By Thomas Pynchon
Started: 4th September 2014
Finished: 6th September 2014
I’ve never heard of this novella or author before seeing it on my university reading list. The description of the novella confused me, and reading the book hasn’t made the plot much clearer…
This novella follows Oedpia Maas, her lover has recently died and she has been made the executor of his estate. On her journey she comes across many strange discoveries, ranging from her husband, to her shrink to an underground postal system.
There are a few characters in this novel, we only see a small bit of them before we’re quickly moved on again, and possibly return to them at another time. It’s because of this you don’t really make a connection with any of them, apart from Oedipa (and even then I found it a struggle). She can be likeable at times, I liked how determined she was to get to the bottom of the WASTE postal system. However because of the way the story is told, it’s difficult to keep up with her.
The narrative in this novella is very chaotic and fast paced. The fact that it is a novella and not a novel is both a blessing and a curse: I don’t think I would have been able to stick with the book had it been longer with this narrative style, however if it was longer there may have been more time to get to grips with what was really happening. The plot that I could distinguish was interesting, I was intrigued by the WASTE postal system and what it was doing. I also enjoyed the IA who claim that “love is the worst addiction of all.”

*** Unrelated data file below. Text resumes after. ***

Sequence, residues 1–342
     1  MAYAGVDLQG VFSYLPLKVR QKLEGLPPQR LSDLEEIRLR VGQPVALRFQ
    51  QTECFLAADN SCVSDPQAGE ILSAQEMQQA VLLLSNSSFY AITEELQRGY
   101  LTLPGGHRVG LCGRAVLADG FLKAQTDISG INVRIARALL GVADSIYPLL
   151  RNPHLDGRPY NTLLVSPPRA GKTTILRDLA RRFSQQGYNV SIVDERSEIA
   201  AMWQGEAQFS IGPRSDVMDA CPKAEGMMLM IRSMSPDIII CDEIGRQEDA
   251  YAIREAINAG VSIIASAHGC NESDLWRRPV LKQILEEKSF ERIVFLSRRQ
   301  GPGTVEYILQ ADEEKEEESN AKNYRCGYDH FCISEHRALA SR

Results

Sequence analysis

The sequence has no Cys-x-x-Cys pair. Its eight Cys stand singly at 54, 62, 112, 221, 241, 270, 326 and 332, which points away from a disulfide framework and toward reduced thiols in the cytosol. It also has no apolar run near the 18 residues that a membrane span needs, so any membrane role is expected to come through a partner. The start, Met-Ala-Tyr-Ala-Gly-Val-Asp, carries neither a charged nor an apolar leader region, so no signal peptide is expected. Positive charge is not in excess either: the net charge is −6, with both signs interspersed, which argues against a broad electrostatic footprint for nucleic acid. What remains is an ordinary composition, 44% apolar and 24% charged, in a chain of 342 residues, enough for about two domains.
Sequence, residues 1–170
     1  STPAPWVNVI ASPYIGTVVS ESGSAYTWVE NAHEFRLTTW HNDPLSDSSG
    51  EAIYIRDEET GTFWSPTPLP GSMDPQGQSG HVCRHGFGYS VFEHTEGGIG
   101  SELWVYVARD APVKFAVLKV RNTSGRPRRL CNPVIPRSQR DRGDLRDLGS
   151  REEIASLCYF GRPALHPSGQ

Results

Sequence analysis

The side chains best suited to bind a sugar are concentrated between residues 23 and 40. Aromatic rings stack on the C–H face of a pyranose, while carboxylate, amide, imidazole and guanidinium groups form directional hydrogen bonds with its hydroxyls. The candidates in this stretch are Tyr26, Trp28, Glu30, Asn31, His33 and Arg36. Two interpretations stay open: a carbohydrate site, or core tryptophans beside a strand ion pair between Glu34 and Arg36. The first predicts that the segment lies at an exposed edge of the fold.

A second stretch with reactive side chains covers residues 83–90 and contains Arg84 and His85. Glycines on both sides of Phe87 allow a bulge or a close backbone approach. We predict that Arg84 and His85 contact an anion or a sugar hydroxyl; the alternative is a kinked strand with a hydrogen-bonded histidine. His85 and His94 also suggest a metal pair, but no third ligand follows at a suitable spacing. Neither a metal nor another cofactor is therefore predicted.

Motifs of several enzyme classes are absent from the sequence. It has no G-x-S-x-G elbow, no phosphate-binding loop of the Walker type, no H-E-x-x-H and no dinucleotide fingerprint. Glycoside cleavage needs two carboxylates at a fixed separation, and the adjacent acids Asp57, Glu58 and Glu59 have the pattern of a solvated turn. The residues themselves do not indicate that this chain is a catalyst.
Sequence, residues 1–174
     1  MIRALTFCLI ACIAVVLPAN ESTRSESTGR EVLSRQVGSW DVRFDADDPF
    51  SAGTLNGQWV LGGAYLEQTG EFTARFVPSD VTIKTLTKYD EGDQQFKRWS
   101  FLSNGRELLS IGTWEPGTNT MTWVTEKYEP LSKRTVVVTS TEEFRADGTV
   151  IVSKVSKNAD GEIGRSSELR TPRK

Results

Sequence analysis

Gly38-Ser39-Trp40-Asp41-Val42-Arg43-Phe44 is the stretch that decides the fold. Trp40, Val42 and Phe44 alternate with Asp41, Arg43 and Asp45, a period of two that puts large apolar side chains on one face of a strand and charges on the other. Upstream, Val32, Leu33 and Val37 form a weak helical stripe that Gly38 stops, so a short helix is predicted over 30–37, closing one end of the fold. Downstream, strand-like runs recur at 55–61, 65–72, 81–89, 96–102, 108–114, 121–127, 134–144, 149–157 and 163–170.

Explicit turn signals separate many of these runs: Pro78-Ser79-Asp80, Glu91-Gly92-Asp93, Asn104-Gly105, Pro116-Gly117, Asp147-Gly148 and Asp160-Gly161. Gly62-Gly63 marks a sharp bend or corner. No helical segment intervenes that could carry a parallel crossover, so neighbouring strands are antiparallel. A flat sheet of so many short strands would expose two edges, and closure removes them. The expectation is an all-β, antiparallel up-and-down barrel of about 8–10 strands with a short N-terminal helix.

I found it difficult to keep up with the novel, if I lost concentration for a moment I would look back at my page and not really know what was going on. Despite some of the problems I had with this novella, I’m glad I made it to the end. I liked how a couple of things were tied up and the explanation of the title of the book. Although I’m sure if I kept up with the novel, the discoveries at the end would have made a lot more sense (but I’m pretty happy from what I got from it myself).
This novella was a little to surreal and fast for me. However, I think I’m going to enjoy studying it and finding out what it was really all about.